Like all commercial enterprises, our activities are associated with certain risks. We have chosen to divide them into four main categories – corporate risks, market-related risks, operational risks and financial risks.
Information about these risks and Concordia Maritime's risk management is provided below and in the section Risk and sensitivity analysis in the Annual Report.
A description of internal control designed to manage risks relating to financial reporting are contained in the Corporate Governance Report.
Corporate risks refer mainly to overall risks related to the actual management and operation of the Company.
Brand risk refers to events that could fundamentally have an adverse effect on the confidence of customers, employees, shareholders and other stakeholders in the business. These may include malpractice, serious accidents or other incidents, as well as events of a more financial or stock-market-related nature.
MANAGEMENT: Concordia Maritime’s Board and management have jointly formulated and adopted a framework that defines guidelines on how Concordia Maritime should act as a responsible company and employer. The framework consists of internal regulations and guidelines connected to external principles and recommendations. The main regulations include Concordia Maritime’s Code of Conduct, the Sustainability Policy and guidelines related to the UN Global Compact Initiative.
Employee risk is the risk of Concordia Maritime being unable to attract and retain competent and committed employees. This ability to attract and retain such employees is crucial to driving development in accordance with defined goals. If Concordia Maritime does not have access to the right skills at the right time, the Group’s operations and results are adversely affected.
MANAGEMENT: Concordia Maritime’s own shore-based organisation is small and this means that there is normally a high dependency on a number of key individuals. However, this is counterbalanced to some extent by the close cooperation with several companies in the Stena Sphere. Nevertheless, we work actively to create a stimulating workplace that provides good development opportunities for employees.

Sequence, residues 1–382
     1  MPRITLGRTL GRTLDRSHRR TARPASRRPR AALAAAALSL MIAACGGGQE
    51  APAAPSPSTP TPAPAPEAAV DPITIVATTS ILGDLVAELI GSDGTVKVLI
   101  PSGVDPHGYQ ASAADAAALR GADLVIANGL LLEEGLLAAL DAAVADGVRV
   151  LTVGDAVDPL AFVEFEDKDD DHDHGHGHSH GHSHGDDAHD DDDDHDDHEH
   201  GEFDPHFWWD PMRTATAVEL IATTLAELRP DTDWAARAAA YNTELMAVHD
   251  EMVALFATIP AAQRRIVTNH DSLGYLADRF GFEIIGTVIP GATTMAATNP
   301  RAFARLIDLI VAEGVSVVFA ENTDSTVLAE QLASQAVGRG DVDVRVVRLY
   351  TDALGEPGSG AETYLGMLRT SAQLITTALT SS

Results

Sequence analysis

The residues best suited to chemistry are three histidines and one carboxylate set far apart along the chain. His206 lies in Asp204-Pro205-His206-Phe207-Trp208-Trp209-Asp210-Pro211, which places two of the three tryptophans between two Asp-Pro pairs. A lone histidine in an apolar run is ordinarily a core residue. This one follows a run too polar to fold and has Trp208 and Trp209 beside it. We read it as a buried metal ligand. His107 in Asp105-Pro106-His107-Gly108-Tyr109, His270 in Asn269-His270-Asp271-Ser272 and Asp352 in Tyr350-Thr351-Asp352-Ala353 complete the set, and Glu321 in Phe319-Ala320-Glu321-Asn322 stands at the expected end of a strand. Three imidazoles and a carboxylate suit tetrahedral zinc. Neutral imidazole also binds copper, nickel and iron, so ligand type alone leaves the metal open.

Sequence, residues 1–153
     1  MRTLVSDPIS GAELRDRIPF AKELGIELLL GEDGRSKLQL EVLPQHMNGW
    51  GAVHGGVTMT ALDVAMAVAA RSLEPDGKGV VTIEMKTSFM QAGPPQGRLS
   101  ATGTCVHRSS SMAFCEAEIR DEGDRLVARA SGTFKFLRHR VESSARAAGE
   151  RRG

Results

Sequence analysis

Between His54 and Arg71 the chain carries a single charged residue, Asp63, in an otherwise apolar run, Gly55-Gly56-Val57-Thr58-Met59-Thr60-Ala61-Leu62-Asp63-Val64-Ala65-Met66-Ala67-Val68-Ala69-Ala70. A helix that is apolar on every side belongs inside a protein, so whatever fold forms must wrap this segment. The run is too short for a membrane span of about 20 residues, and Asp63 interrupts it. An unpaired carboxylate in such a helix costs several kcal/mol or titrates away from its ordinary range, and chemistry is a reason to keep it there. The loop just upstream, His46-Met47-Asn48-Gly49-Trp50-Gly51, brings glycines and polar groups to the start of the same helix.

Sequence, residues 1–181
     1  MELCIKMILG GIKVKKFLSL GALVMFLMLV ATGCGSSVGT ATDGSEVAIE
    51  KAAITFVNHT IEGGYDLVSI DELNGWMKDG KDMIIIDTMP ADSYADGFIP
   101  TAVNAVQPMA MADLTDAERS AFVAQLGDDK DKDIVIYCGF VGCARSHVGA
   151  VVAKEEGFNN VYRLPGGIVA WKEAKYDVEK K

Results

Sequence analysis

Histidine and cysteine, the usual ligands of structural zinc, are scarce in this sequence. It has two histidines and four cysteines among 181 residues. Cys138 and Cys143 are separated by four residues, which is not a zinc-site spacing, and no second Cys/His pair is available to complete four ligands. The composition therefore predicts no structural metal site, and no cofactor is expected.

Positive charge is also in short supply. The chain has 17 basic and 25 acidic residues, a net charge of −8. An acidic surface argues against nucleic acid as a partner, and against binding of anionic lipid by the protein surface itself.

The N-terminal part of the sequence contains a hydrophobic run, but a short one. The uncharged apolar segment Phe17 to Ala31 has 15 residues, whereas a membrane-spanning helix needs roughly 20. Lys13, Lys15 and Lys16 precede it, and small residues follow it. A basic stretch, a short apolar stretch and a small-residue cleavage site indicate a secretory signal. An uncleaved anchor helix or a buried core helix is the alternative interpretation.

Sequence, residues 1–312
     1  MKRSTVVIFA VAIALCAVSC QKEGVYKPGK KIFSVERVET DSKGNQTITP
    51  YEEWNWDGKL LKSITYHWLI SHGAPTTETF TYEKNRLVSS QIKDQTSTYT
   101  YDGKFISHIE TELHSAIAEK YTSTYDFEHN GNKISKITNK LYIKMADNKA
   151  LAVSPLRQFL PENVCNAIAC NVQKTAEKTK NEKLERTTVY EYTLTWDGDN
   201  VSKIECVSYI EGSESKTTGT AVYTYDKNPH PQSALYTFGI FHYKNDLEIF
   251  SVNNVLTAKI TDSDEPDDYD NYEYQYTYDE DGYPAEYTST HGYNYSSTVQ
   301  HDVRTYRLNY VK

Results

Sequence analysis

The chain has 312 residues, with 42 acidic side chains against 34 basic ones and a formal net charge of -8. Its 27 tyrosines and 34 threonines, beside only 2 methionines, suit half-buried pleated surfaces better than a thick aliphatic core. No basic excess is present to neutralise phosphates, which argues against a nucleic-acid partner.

Liquidity risk is the risk of the Company not having sufficient liquidity to discharge its obligations. In addition to liquidity to cover its current obligations, the Company also endeavours to have sufficient liquidity to conduct business that requires cash input.
MANAGEMENT: Liquidity risk is managed by ensuring a solid financial position, with competitive costs and management of market-related risks. To ensure the availability of short-term liquidity, overdraft facilities of USD 10 million and SEK 10 million have been arranged.
Financing risk is the risk that the Company will be unable to satisfy its need for new loan capital.
MANAGEMENT: This risk is managed by fulfilling financial obligations, maintaining the already excellent relationship with banks, working to broaden the potential financing base to include new banks and institutions, and ensuring sound operation of the Company with good transparency and communication.
This is the risk that funds invested to generate returns will perform unfavourably in terms of value or return.
MANAGEMENT: The risk is managed by spreading investments across several different instruments and by continuous evaluation.
Market-related risks are primarily risks associated with changes in the external environment and market. The Board and management have only a limited opportunity to control these risks in the short term but must still deal with them in the planning and governance of the business.
Cyclical risks are risks of the general market situation adversely affecting the business or results. Shipping is a highly cyclical business. Demand for transportation of oil and refined petroleum products is determined to a large extent by the consumption of these products. This, in turn, is largely determined by the economic situation. All these factors affect freight rates. In the short term, the effects of economic fluctuations are greatest in the spot market, although they also affect the contract market and vessel values in the long term.
MANAGEMENT: Risks related to freight rates are largely managed through decisions on fleet disposition (incl. acquisitions and disposals) and choice of contracting method. The decisions are based on continuous analyses of cyclical fluctuations in the markets and their bearing on shipping in general and tanker shipping in particular.
Risks related to freight rates are risks of lower income due to falling freight rates. Freight rates in tanker shipping may fluctuate sharply from time to time. A decline in freight rates may be due to reduced demand for transport capacity or an increased supply of vessels, or a combination of both. A change in rates has a major impact on the profitability of the business. In a short-term perspective, freight rates on the spot market fluctuate significantly more than the rates on time-charter market.
MANAGEMENT: Risks related to freight rates are largely managed through decisions on fleet disposition and choice of contracting method. Spot market exposure is also managed through the pools in which the vessels operate. Decisions are based on continuous analyses of market trends in both the short and long term.